The economic history of Ghana shows the various legal instruments used by the Bank of Ghana (BoG) to regulate the foreign exchange market.
During the colonial era Ghana’s currency was called the Ghana Pound, which was tied to the British Pound. The historical analyses of the various exchange rate regimes show that Ghana operated a fixed exchange rate system from 1958 to 1985 prior to the introduction of the Foreign Exchange Auction market (window 1 & 2) in 1986.
In 1988, the BoG implemented the licensing of Forex Bureaux leading to a Fully Floating Interbank Market Rate in 1990, which has been in force to date with some regulatory oversight.
During the fixed exchange regimes in Ghana currency devaluations were undertaken in specific years including 1971; 44 per cent, 1972; 20.4 per cent, 1978; 58.2 per cent and 1983, 92 per cent.
Under the current dispensation of floating exchange rate, once could only talk about currency depreciation and not devaluation. For example, the cedi depreciated by 99 per cent in 1999 but only two per cent in 2004 and five per cent 2011.
Devaluation and depreciation of the currency
It is important to emphasise that devaluation occurs in a fixed exchange rate and depreciation occurs in a floating exchange rate system but both devaluation and depreciation mean a fall in the value of the currency.
To this end, contributors to the debt of devaluation in Ghana cannot be talking about devaluation under the current floating exchange rate system unless they are calling for a return to the fixed exchange rate regime.
Therefore contributors to the discourse of devaluation should not confuse devaluation with depreciation because devaluation is only possible under a fixed exchange rate system.
Our history as a country shows that we have made significant gains since the implementation of the floating exchange rate and the BoG must be encouraged to perfect the existing floating exchange rate regime.
When a government devalues its currency, it is often because the interaction of market forces and policy decisions has made the currency’s fixed exchange rate untenable.
In order to sustain a fixed exchange rate, a country must have sufficient foreign exchange reserves, often dollars, and be willing to spend them, to purchase all offers of its currency at the established exchange rate.
When a country is unable or unwilling to do so, then it must devalue its currency to a level that it is able and willing to support with its foreign exchange reserves. This is very expensive to operate as it requires significant amount of dollar reserves.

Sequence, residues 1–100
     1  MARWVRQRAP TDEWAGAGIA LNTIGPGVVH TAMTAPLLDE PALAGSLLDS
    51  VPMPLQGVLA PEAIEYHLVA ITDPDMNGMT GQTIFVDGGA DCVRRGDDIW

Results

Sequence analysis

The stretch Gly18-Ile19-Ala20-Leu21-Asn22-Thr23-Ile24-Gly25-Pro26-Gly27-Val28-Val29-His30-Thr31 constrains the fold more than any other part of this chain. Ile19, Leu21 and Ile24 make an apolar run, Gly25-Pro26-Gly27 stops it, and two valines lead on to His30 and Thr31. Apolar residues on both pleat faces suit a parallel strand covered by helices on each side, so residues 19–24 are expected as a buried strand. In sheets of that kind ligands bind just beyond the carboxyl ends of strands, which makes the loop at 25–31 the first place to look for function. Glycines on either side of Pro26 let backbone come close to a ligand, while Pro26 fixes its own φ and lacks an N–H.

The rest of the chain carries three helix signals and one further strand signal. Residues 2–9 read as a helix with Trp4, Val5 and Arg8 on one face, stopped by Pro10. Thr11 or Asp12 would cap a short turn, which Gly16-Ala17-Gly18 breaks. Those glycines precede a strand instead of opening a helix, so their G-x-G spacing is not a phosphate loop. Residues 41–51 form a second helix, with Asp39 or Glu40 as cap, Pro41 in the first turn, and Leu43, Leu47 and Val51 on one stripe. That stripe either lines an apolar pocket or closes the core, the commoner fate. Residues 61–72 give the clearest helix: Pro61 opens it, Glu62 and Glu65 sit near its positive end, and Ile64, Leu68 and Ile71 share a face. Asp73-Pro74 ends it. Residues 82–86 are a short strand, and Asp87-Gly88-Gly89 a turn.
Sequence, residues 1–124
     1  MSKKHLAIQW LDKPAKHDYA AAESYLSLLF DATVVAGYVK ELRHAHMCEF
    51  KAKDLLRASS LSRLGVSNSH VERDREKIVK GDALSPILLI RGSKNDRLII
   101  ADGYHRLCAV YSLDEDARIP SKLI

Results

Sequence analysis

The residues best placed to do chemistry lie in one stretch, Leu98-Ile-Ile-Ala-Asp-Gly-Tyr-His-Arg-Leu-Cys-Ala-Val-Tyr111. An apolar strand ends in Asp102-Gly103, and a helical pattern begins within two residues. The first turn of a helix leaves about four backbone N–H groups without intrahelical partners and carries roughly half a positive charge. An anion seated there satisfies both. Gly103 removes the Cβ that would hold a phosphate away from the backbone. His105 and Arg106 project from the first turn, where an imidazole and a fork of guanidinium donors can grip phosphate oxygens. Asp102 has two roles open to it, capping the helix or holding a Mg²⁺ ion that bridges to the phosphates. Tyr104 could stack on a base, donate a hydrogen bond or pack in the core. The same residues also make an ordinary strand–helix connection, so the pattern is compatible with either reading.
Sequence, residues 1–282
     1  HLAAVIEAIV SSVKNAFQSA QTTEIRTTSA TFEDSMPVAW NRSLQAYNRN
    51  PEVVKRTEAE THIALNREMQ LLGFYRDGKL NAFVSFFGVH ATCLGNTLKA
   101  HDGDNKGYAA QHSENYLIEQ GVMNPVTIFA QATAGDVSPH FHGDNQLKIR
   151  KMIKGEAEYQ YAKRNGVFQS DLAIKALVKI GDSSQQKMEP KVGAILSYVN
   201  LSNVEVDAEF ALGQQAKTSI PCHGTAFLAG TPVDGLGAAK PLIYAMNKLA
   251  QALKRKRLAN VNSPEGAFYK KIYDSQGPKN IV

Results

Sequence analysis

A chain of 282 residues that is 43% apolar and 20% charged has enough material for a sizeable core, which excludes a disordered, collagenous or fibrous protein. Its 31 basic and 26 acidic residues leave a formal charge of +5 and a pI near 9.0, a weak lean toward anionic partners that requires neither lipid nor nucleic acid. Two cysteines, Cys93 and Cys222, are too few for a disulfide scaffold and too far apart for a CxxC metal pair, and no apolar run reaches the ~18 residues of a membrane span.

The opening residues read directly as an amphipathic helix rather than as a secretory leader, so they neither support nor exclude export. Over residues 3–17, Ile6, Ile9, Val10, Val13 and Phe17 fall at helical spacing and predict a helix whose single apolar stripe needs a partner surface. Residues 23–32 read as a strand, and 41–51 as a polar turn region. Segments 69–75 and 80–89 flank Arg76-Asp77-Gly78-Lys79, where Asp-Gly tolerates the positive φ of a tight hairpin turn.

A key effect of devaluation is that it makes the domestic currency cheaper relative to other currencies.
A devaluation of the exchange rate would make exports more competitive and appear cheaper to foreigners while imports would become more expensive. The expectation is that there would be an increase demand for exports while the demand for imports reduces. The higher exports and lower imports should increase aggregate demand and income and thereby improve economic growth in the medium to long term.
Should Ghana pursue devaluation
Some financial experts including Dr Obeng-Okon, Lecturer in Public Accounting at GIMPA told the Ghana News Agency that Ghana should not pursue devaluation because the conditions for the successful working of devaluation of the Cedi are not conducive.
The conditions he mentioned include the structure of Ghana’s exports and imports, high inflation, poor state of the global economy, competition within the international community.
Structure of Ghana’s Exports and Imports
Dr Obeng-Okon noted that the structure of Ghana’s exports is largely primary products.
The top exports of Ghana are Gold ($4.39 billion), Crude Petroleum ($3.73 billion), Cocoa Beans ($1.62 billion), and Cocoa Paste ($764 million), Timber and Timber products ($182 million)using the 2014 figures.
On the other hand, Ghana’s imports are of manufactured goods including significant refined petroleum products, industrial raw materials, cars and delivery trucks, intermediate goods, and other consumer on goods.
Given the structure of the Ghanaian economy, it would continue to have unfavourable terms of trade, so it would lose more under devaluation. The success of devaluation for Ghana therefore depends on the elasticities of exports and imports of Ghana.
Domestic Price Stability